Thus, prior art image forming apparatuses which are incapable of distinguishing low-density originals with a wide area of the white background from low-density, low-contrast originals such as maps having background areas of high relatively density and light colors have failed to automatically produce images with efficient reproduction of color densities from either type of originals.

SUMMARY OF THE INVENTION

The first and principal object, therefore, of the present invention is to solve the aforementioned problems of the prior art by providing an image forming apparatus that accurately distinguishes, by a simple method, color photographs at least from color printed matter when the document is a color original, or distinguishes black-and-white originals at least from color photographs and which hence is capable of forming image under optimal conditions according to the identified type of original.

A second object of the present invention is to provide an image forming apparatus of a type that performs prescanning over a length corresponding to the size of light-sensitive material used and which is capable of accurately distinguishing color photographic originals at least from color printed originals or black-and-white originals, thereby forming appropriate image according to the detected type of original even if the document to be copied is smaller than the range of photometry by prescanning (e.g. in the case where enlarged copies of small-size documents, say, prints of size E are made or where documents of irregular sizes are copied) or even if thick books, packages and other bulky materials are copied with the top cover of the copier being left open.

A third object of the present invention is to provide an image forming apparatus which automatically makes distinction between low-density originals with a wide area of the white background and low-density, low-contrast originals with background areas of relatively high density on the basis of color density distributions obtained from information read from the image of original and which is capable of compensating for color densities in such a way as to provide an optimum quantity of light for each of the documents to be processed.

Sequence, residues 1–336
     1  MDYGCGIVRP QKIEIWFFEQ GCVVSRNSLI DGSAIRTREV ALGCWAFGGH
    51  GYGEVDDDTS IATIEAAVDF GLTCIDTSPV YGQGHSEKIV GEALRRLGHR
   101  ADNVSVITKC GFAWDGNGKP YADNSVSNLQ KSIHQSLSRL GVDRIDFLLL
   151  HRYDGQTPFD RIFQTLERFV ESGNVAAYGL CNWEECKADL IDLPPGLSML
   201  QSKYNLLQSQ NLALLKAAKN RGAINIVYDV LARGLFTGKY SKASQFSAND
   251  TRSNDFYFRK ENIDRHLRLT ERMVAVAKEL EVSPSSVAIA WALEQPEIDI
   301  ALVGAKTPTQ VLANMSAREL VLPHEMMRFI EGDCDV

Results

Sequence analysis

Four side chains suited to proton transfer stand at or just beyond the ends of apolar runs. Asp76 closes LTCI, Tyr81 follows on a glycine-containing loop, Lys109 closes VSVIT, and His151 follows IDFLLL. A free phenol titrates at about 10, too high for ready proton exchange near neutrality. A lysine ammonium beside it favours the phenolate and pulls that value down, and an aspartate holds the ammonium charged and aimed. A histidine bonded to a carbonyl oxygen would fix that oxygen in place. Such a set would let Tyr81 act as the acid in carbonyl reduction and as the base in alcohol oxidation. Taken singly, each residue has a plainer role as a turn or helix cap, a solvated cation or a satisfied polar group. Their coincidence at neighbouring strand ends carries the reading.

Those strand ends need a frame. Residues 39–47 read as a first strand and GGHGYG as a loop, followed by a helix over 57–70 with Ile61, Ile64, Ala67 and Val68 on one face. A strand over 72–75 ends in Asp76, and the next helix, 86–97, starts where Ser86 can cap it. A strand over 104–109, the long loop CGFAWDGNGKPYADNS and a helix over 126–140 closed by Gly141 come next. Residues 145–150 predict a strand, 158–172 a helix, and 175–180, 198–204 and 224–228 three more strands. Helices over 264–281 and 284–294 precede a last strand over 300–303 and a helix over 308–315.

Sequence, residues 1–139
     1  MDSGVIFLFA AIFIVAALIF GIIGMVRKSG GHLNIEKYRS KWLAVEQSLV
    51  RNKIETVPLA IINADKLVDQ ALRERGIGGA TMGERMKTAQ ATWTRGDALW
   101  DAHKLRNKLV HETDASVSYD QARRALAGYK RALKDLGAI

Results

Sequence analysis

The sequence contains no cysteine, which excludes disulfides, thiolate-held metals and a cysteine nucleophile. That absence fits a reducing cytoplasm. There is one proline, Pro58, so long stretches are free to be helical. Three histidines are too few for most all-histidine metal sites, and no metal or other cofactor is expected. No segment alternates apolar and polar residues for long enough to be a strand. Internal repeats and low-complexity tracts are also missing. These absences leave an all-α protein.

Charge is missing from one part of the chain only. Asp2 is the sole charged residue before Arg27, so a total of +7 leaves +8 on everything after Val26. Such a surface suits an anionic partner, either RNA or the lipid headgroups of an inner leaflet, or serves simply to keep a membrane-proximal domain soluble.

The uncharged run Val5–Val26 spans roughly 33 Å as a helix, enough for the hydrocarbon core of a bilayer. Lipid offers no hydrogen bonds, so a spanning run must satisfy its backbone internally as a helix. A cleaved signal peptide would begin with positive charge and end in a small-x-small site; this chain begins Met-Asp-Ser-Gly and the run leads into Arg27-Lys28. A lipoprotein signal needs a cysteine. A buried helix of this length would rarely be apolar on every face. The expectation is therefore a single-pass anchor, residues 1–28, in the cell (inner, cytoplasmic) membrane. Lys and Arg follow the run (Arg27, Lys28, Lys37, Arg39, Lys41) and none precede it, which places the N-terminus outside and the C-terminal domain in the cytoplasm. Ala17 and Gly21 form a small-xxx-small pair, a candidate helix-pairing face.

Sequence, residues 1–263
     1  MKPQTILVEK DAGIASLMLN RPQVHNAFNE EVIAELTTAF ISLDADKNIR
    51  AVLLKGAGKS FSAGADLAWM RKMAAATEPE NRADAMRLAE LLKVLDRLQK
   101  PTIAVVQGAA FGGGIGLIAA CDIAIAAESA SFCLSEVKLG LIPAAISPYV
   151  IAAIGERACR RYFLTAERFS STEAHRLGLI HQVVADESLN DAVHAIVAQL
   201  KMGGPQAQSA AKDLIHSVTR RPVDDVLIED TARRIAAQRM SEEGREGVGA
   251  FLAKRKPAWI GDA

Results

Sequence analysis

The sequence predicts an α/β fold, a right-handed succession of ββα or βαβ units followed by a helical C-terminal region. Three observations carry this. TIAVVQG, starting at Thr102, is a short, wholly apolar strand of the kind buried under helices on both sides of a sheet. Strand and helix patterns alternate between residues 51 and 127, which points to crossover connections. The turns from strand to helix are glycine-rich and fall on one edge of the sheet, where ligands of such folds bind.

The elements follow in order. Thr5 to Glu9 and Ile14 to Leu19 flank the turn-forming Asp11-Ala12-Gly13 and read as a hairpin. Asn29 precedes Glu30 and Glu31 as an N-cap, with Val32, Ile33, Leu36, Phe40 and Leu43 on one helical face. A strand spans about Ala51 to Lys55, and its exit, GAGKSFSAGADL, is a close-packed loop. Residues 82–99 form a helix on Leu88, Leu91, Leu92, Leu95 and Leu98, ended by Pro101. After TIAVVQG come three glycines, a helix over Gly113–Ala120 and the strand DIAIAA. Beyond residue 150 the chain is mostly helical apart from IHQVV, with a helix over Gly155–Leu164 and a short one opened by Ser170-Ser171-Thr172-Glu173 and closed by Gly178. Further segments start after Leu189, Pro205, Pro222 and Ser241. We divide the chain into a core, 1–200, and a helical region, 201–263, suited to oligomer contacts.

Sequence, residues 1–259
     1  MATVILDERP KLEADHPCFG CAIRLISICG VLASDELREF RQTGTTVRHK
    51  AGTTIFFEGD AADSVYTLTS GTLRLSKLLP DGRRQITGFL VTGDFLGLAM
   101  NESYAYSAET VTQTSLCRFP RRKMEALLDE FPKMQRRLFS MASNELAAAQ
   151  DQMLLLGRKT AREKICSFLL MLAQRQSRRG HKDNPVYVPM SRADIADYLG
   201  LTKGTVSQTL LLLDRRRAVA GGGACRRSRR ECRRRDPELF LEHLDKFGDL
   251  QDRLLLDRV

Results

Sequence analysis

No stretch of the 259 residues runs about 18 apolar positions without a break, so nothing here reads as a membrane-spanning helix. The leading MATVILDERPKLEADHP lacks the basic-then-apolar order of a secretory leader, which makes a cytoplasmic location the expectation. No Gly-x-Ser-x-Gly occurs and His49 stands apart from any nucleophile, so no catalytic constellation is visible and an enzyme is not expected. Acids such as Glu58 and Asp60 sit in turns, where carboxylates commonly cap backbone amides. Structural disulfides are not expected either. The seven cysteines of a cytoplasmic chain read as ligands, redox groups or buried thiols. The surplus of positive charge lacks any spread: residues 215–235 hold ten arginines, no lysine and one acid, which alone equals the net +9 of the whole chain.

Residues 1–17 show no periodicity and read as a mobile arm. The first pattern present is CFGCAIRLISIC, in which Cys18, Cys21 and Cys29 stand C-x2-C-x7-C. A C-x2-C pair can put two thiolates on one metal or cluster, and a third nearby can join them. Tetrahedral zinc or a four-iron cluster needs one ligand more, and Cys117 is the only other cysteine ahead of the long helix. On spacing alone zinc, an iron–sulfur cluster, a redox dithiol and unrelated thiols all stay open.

The present inventors conducted various studies in order to attain the three objects described above and found the following: 1) the spectral reflection density of a color photographic image represented by curve 2 in FIG. 1 has a distinguishable difference from the spectral reflection density of a color printed image represented by curve 3; 2) the spectral reflection density of a black-and-white image represented by curve 4 is similar to the spectral reflection density of a color printed image but is different from the spectral reflection density of a color photographic image whether the black-and-white image is a photographic or printed image; 3) therefore, at least a black-and-white image or a color printed image can be precisely distinguished from a color photographic image by means of a discriminant function; 4) an appropriate image can be obtained by effecting image formation according to the type of original identified by the discriminant function; and 5) appropriate black-and-white image with no color shade could be obtained when image formation was effected using a light-sensitive material and standard exposure conditions that were optimal for the reproduction of color printed image. The present invention has been accomplished on the basis of these findings.